I am used to raring files -- but I am looking for something faster. I see that there is a "split" command. How does this command compare to
rar? What is are the differences between
split is a traditional UNIX tool, that does one job only—splitting files. If you had a bunch of files to archive to individual disks, you might do it like this:
____________________ | FILESYSTEM | _________ ____________ | dir1/ dir2/ | tar | | gzip | | | file1 file3 | -------------->| ARCHIVE |------------>| COMPRESSED | | file2 file4 | |_________| | ARCHIVE | |____________________| | | |____________| | | s | p | l | i | t | +----------------+----------------+------------------+ | | | \|/ \|/ \|/ ____________ ____________ ____________ | | | | | | | COMPRESSED | | COMPRESSED | | COMPRESSED | | ARCHIVE | | ARCHIVE | | ARCHIVE | . . . | DISK 1 | | DISK 2 | | DISK 3 | |____________| |____________| |____________|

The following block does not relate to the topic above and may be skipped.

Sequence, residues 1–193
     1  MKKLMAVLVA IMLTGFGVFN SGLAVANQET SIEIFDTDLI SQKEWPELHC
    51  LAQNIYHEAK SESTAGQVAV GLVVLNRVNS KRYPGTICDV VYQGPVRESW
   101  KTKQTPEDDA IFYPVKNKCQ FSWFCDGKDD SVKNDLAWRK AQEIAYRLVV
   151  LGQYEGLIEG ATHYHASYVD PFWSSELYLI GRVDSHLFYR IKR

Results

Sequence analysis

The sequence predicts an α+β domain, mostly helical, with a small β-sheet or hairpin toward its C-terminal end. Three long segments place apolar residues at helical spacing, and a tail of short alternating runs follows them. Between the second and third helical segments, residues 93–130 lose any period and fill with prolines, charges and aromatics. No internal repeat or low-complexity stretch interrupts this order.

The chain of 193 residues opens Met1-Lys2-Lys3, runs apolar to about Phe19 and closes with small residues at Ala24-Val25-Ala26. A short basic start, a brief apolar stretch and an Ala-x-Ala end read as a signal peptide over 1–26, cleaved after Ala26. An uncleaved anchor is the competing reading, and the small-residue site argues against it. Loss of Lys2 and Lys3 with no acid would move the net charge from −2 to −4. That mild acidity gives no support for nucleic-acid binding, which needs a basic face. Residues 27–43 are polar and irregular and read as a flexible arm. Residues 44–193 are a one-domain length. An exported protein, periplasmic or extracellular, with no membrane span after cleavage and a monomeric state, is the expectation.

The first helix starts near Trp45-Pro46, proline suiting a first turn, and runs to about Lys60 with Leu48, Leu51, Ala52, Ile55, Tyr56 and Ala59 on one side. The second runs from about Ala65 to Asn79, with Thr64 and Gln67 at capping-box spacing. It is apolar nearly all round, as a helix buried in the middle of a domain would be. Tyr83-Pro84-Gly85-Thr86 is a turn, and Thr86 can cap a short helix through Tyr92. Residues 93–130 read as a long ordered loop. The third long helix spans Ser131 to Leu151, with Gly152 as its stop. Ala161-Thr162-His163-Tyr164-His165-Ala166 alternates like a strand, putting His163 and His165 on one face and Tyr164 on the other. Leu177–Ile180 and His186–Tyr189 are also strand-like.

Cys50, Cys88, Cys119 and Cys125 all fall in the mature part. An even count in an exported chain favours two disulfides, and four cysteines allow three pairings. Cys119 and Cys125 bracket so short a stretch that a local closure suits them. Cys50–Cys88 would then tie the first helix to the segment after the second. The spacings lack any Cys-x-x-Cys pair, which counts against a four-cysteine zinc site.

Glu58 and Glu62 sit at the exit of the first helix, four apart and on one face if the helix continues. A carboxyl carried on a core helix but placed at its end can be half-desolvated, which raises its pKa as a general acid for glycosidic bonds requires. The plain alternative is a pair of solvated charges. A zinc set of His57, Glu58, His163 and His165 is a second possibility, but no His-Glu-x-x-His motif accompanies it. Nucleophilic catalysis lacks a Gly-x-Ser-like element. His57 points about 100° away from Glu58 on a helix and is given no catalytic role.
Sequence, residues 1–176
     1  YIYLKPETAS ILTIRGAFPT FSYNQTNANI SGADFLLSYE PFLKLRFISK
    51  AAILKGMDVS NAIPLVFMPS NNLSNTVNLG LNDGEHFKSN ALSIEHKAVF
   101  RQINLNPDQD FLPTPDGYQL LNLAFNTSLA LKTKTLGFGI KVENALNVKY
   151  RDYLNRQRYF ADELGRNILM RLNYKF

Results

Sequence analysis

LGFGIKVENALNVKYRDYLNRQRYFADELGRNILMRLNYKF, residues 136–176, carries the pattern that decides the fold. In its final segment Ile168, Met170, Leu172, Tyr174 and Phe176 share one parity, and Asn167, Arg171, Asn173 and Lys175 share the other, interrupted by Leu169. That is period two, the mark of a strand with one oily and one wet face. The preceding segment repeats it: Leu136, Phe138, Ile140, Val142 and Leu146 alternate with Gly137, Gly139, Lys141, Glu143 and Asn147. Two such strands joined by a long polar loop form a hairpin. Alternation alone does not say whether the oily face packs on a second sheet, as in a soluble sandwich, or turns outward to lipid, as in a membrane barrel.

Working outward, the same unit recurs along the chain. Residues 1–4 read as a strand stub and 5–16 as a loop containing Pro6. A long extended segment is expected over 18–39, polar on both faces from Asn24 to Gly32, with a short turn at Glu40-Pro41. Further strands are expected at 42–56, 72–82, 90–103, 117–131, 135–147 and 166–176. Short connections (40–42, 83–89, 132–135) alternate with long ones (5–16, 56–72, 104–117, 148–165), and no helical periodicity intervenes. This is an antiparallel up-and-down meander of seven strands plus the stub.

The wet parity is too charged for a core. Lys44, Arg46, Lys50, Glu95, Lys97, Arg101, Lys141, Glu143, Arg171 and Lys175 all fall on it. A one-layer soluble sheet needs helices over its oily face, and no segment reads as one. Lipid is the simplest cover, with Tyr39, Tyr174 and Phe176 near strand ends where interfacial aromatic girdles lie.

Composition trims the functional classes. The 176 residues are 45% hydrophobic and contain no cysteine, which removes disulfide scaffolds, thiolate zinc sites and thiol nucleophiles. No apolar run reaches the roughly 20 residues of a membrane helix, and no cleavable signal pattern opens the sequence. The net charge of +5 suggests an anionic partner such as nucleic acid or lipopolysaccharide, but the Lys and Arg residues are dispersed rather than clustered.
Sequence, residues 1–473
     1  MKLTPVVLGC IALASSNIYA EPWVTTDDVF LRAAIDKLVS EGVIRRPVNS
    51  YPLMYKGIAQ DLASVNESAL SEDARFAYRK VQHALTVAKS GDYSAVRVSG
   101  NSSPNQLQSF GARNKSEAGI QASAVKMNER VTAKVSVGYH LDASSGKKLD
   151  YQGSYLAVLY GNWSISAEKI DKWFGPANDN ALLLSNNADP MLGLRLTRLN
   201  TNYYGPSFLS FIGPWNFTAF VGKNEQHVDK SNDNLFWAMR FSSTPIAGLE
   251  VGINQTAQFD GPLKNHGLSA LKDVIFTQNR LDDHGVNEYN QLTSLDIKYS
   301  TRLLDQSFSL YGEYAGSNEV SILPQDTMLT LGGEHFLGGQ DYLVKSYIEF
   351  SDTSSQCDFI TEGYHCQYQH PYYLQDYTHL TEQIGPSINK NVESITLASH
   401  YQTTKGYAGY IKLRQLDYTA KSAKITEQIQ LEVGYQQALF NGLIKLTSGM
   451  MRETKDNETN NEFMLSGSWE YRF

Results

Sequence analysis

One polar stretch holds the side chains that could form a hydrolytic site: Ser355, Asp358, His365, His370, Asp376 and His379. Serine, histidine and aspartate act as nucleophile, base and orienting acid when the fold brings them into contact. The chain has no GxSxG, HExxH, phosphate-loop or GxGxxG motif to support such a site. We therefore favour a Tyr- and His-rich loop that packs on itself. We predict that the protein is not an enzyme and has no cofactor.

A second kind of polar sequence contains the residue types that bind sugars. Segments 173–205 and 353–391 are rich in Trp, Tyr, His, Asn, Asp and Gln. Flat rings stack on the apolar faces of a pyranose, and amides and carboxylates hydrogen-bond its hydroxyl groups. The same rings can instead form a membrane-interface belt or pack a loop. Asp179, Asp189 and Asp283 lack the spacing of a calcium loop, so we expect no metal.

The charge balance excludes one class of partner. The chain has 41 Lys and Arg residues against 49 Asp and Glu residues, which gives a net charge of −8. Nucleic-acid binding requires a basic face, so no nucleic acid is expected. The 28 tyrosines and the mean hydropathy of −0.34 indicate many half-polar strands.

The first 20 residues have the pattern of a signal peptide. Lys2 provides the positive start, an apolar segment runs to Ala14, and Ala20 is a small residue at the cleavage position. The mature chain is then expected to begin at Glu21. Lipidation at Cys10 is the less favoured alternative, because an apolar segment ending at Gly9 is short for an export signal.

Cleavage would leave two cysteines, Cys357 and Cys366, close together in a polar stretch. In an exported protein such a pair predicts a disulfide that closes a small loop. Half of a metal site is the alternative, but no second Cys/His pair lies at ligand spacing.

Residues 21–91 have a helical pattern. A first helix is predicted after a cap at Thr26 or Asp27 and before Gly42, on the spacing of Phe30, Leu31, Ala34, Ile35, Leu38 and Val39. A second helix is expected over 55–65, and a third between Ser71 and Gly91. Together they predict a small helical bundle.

tar to combine a bunch of files into one archive; you use
gzip to make that archive smaller by compressing it; and you finally use
split to cut that compressed archive into chunks that fit on your disks. The advantage here is that you can easily switch out parts—say, you could use
xz to compress your archive. Or
cpio to make your archive.
rar (and also
zip) come from the DOS/Windows world, where you don't normally chain together tools. So, they actually combine an archiver (like tar), a compressor (like gzip), and a file splitter (like split) into one tool. The advantage is that they can three parts have more knowledge of the other—say, you could avoid splitting a single file across disks (which is near impossible with the distinct programs).
split splits files, the size remains the same. rar reduces the size.